On 17 November 2021, the Australian Human Rights Commission released its Spectator Racism Guidelines. The document was released to address racial abuse from sporting crowds. It is part of the broader effort to eliminate racism from sport and broader Australian culture. The creation of the Guidelines was backed by major Australian sporting organisations, including AFL, NRL, Cricket Australian and SCG. The Guidelines acknowledge the importance of sport in Australian society. The Guidelines aim to prompt best practice responses to spectator racism at a professional level by placing the responsibility on stopping the behaviour on the venue and sporting body and not the individual who is experiencing the behaviour. The Commission has developed a resource base to support the implementation of the Guideline recommendations. This is the most recent step in the Racism. It Stops With Me campaign. The release of the Guidelines coincided with Indian cricketers Mohammed Siraj and Jasprit Bumrah experiencing days of racial abuse during a test match in Sydney.
Tim Paine has stepped down from his role as Australian Test captain this week. This decision came after it was revealed that Paine had been investigated by Cricket Australian for a sexting incident. In 2017, Tim Paine sent a Cricket Tasmania employee an explicit photo and a number of lewd messages. This incident narrowly preceded the 2017/2018 Ashes series. The woman who received the messages was offended by the exchange as it was “unwelcome and unsolicited”. The outcome of the investigation found that Paine had not breached the Cricket Australia Code of Conduct. Paine will still be eligible for selection in the upcoming Ashes series. Cricket Australia’s chairman has publicly stated that Cricket Australia does not condone this type of language, despite the Board not finding Paine to be in breach of the Code of Conduct.
The inquiry into sexual harassment in the mining industry has revealed that WA Police investigated 23 allegations of sexual harassment in the past two years. Out of the 23 incidents that occurred on WA mine sites, only 2 of the complainants were men. Four of these allegations lead to criminal convictions, five are still pending, seven were withdrawn and the remaining were found to have insufficient evidence. Deputy Commissioner Blanch spoke out on how sexual harassment reports can be a “traumatic experience” for victims. The Deputy Commissioner said that the priority of the police is to hold perpetrators to account, encouraging victims to come forward. The inquiry also heard that 12 employees had been fired or removed from mine sites over the past five years. Each of these cases were connected to sexual harassment.
The debate on the balance between religious freedom and LGBT+ discrimination continues. This week, the federal government began public consultation on draft legislation. This included meetings with over 90 stakeholders. The final bill has not yet been published. The religious discrimination laws are expected to be brought to parliament next week.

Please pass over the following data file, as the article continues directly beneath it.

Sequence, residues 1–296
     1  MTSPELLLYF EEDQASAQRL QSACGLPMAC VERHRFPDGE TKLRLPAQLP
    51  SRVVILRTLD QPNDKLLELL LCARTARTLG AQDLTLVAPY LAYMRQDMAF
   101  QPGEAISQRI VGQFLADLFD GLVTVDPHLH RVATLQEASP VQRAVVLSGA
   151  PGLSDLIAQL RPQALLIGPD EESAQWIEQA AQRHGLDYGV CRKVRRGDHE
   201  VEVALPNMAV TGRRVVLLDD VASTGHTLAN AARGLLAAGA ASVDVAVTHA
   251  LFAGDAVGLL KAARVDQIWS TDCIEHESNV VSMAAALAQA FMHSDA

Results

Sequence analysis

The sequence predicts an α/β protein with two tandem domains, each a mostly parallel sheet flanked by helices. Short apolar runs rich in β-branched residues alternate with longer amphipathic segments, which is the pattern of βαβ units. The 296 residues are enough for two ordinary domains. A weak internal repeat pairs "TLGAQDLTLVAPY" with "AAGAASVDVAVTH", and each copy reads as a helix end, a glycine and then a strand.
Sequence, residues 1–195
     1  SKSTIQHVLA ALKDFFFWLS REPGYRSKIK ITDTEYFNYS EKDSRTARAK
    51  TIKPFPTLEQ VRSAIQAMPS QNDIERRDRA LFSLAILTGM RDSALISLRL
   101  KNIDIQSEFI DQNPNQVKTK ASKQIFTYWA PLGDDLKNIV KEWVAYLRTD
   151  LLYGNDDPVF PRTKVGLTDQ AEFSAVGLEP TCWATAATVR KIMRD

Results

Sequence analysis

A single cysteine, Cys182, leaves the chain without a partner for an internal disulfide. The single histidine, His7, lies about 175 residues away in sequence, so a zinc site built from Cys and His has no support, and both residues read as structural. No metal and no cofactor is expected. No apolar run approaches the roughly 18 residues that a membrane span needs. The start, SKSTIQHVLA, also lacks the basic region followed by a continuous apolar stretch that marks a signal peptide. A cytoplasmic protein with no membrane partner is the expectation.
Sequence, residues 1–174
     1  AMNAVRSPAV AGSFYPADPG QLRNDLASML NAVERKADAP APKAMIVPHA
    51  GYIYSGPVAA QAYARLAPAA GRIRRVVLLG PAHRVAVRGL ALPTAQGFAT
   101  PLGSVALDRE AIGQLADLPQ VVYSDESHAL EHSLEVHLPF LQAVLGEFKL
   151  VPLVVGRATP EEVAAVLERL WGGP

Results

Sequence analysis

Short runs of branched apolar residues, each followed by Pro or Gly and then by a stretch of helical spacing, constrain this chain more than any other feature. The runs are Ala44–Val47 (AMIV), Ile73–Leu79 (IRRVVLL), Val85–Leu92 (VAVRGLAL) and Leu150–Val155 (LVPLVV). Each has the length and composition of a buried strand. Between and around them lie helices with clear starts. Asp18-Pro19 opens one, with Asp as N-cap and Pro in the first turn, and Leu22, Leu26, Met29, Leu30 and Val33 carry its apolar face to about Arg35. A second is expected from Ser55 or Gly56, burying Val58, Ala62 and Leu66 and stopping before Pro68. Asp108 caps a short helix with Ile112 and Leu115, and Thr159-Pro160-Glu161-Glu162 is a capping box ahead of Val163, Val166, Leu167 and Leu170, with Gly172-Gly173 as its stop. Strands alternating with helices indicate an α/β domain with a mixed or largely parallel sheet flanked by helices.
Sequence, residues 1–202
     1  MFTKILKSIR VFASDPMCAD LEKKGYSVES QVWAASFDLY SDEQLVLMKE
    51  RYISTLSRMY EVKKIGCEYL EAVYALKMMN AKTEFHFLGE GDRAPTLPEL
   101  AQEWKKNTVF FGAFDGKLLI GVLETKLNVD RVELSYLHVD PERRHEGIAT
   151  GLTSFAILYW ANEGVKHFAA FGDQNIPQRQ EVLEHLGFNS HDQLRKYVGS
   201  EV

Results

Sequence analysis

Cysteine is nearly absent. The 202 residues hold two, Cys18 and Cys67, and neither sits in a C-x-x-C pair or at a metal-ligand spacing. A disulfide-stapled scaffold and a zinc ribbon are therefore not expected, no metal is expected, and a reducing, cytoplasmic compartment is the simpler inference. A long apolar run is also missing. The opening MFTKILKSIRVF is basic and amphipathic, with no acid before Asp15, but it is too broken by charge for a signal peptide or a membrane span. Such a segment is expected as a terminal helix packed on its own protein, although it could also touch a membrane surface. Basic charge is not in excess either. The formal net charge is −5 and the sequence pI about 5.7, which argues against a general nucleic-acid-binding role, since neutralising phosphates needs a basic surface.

This week, the NSW Public Service Commission released its annual People Matter employee survey. The findings reveal that reports of sexual harassment in NSW increased during the pandemic The reports have increased even though most people had working from home arrangements in lockdown. The survey questioned 400,000 employees between August and September. The findings suggest that four months of lockdown did not reduce the number of employees experiencing sexual harassment and bullying. Notable statistics from the survey include that 4% of public servants experienced sexual harassment, 7% of employees reported threats of physical harm, and 4% had experienced racism.
The Hospital Health Check Survey was released. Among the findings was the revelation that half of all trainee medics reported bullying or harassment at work. Around 1800 trainees were surveyed. The NSW Australian Medical Association conducted the survey between July and September. Bullying has been a consistent trend over the last five years. However, bullying did increase in 2021. Patients and families of patients were the most common source of oral or physical threats. Around 37% of junior doctors also felt intimidation at work, mainly from patients. The Australian Medical Association believes the increase was caused by heightened stress and pressure during the spread of the Delta variant of COVID-19.
Tasmanian Liberal Senator, Claire Chandler, announced this week that she wishes to introduce a new bill that will allow legal exclusion of transgender people from sport. The proposed bill relates to private members, altering Australia’s anti-discrimination laws. Chandler claims this is to “restore the rights of women and girls in sport”. She uses the term ‘single-sex sport’ to campaign against trans women being included in women’s sporting teams. Chandler posted about the New Zealand weightlifter and Olympic medalist, Laurel Hubbard, to support her claim that female sports are “under threat if they allow trans athletes”.
Bruce Lehrmann was charged with raping Brittany Higgins, a former ministerial staffer, and is set to go to trial after the next federal election. The ACT Supreme Court tentatively set the trial for 6 June 2022. The trial is estimated to last four weeks. Ms Higgins made her allegations known in February and shone light on the mistreatment of women in politics.